Or was it ‘cursed’? Imagine a night in a tent near the jungle far away from civilization, hearing native drums, possibly heralding an attack! Was it a quotation from Rider Haggard or Rudyard Kipling? During the war we were urged to collect waste paper and take it to school. I collected from our neighbours and if they donated books which I had not read, I held them back, to take them in a small wheel barrow to school after reading. This was how I came to be acquainted with Rider Haggard’s books, such as ‘She’.
I think those ‘damned drums’ were parodied in subsequent comedy programmes, but it refers to drums beating out a message, not music. Another non musical use of an instrument we noted when at Stonehenge for the Midsummer Sunrise some years ago, as we heard the modern day Druids blow long horns to the four quarters of the horizon, to celebrate the movements of the sun and moon. But when was music introduced?
My maternal Grandfather, the gardener, produced his sharp knife and cut a corn stalk, notched it and formed a whistle, or hooter. He also showed me how to hold a blade of grass between my palms and blow, to whistle.
No doubt early man found this out too. He probably found he enjoyed hitting one stick against another and then blowing on animal horns. Once the Bronze Age arrived, cymbals followed and a variety of drinking vessels could be bell like. Perhaps the Iron Age introduced the Anvil Chorus! (We have been told that the Blue Stones of Stonehenge can ring like a bell, so maybe in a circle they could produce a peal?).
The Bible records a variety of early instruments, the flute, lyre, harp and trumpet. Some of these were found in the ashes of Pompeii. Later Chaucer and Shakespeare wrote of other musical instruments and dancing. When Oliver Cromwell and the Commonwealth took power anything frivolous, one might say happy, like dancing and singing, was banned, except for the military drum beat and bugle. Even the Maypole was outlawed!
Other early instruments included Shawms, Sackbuts, Gemshorns, Cornetto, Crumhorns, Viols, Rebec, Tabour, Curtal, Lute and Serpent. These are nowadays eclipsed by Keyboards, guitars and drums, well amplified! Recently I heard a group with a male and female vocalists and thought they sing pleasantly, if only the bass beat was not so loud. This may be my age!
Thomas Hardy, in ‘Under the Greenwood Tree’, has Spinks say ‘Dancing is a most strengthening, livening and courting movement, ‘specially with a little beverage added’!’ Later ‘the fiddlers’ chairs have been ‘wriggled by the frantic bowing of their occupiers, …about two feet’. This was at the ‘Tranter’s Party’, when also the bass-viol was played and the cider barrel lubricated the country dancers.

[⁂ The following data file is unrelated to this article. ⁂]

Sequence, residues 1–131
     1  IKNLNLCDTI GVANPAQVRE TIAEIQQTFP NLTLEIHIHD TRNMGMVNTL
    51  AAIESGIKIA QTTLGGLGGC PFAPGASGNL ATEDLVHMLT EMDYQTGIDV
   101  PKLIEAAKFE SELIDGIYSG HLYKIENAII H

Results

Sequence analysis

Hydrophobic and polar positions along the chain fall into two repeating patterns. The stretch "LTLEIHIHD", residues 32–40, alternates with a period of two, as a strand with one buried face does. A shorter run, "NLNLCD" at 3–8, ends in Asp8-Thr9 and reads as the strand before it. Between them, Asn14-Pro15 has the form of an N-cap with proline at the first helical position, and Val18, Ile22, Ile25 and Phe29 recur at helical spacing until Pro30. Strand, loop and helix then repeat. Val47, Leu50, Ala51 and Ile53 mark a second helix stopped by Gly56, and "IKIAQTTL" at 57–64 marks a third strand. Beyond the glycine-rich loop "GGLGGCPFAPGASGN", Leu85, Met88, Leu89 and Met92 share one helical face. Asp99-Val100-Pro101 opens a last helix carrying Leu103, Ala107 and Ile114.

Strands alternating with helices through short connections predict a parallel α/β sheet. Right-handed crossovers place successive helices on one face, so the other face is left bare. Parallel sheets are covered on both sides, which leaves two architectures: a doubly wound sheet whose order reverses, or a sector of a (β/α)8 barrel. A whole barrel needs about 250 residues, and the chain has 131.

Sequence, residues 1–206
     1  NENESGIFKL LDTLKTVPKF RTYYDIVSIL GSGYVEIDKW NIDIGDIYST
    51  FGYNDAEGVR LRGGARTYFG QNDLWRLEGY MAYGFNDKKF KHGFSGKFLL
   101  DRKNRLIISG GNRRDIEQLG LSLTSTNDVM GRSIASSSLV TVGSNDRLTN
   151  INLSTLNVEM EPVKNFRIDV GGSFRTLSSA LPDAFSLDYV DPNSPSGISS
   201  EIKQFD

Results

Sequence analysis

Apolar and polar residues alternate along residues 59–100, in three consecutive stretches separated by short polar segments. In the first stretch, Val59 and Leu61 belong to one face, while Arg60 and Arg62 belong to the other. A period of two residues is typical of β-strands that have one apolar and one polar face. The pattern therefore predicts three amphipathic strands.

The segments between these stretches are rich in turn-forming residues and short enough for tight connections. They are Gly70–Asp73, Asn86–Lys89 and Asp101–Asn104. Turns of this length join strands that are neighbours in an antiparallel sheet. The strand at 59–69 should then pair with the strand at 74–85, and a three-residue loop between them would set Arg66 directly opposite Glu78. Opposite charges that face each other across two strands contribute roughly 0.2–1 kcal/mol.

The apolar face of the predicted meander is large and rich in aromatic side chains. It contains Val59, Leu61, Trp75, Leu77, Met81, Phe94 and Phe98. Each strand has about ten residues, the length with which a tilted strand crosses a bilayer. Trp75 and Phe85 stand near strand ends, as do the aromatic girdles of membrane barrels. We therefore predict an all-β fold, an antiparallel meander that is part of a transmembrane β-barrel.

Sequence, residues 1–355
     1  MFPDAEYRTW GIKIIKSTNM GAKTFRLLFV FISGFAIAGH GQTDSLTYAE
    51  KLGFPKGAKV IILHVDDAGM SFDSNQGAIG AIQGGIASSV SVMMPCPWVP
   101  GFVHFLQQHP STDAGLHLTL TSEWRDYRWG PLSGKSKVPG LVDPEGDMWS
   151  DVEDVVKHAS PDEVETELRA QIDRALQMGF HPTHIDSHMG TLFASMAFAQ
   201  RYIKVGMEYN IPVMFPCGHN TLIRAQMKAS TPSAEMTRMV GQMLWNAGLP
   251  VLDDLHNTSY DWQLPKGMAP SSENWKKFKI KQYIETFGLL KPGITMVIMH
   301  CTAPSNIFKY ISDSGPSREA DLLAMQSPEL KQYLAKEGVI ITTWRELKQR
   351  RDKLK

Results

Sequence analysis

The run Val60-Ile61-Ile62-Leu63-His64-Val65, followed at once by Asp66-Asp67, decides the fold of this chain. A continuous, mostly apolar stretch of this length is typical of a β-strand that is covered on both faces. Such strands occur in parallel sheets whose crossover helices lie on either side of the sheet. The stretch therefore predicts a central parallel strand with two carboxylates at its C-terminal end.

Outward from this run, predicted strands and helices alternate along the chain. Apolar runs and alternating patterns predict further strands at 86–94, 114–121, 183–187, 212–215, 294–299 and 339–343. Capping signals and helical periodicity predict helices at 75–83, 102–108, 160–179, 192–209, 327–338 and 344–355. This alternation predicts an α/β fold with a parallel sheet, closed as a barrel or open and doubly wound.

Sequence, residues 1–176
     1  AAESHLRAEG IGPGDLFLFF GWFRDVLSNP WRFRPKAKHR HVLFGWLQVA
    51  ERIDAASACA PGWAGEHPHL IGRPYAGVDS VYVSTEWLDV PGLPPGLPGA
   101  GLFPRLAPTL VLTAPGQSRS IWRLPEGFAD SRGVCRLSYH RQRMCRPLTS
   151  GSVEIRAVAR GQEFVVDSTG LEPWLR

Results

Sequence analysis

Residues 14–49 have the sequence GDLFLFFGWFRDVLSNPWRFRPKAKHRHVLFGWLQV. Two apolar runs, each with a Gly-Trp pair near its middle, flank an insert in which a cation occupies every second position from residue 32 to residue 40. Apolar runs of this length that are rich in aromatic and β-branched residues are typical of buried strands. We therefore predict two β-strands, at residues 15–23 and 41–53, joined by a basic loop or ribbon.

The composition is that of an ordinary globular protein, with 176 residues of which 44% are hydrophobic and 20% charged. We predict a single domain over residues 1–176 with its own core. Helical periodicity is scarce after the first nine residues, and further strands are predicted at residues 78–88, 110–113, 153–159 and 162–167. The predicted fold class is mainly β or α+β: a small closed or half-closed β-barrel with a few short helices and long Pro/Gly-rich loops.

A little more demure, ‘for all her bouncing handsome womanliness …. her freshness’ but to others ‘a fine and picturesque country girl’, was Tess. Then ‘a bevy of girls dancing without male partners … white-frocked maids’, a country dance in a field around midday, from ‘Tess of the Durbervilles’. One of Hardy’s poems, ‘Seen by the Waits’ has echoes of this, when ‘We went to play a tune, To the lonely manor-lady, by the light of the Christmas moon. …. We violed till, upward glancing, To where a mirror leaned, It showed her airily dancing, Deeming her movements screened; …
Dancing alone in the room there, Thin-draped in her robe of night; Her postures, glassed in the gloom there, Were a strange phantasmal sight’.
Hardy loved the ladies, as most of us do! William Barnes has a dialect poem, ‘Bob the Fiddler’, with some lines :
‘Oh! Bob the fiddler is the pride, O’ chaps an’ maidens vur an’ wide –
He’ll zing a zong, or tell a story, But if you’d zee en in his glory, Jist let en have a fiddle. At Maypolen, or feast or feaeir, His eaerm wull zet off twenty peaeir, An meaeke em dance the groun’ dirt-beaere.’
To move briefly into Wiltshire, its dialect poet, Edward Slow, describes ‘Tha Carter’s Winter Zong’, with a chorus – ‘Vor roun tha blazin Kitchen vire, We drink an smoke away, We tell ower tales, an zing ower zongs, An kiss tha maidens gay.’ Of course fewer smoke than when those lines were penned. A little game for those who have read up to this point – how many of the foregoing words were underlined by the computer Spellchecker and how many were not understood? One surprising village instrument which I saw as a child, but our local poets did not mention was the Carpenter’s saw, played with a bow, like a fiddle, the saw being flexed for more effect.
We hope we don’t have jungle drums for our AGM, but we do anticipate some local songs and tales afterwards from ‘Chris and Friends’ on Oct 11th, 2.30pm in Bridport United Church Main Hall, East Street. All welcome, non members £2. More details from 01308 488034.
Cecil Amor, Chairman, Bridport History Society. Tel: 01038 456876.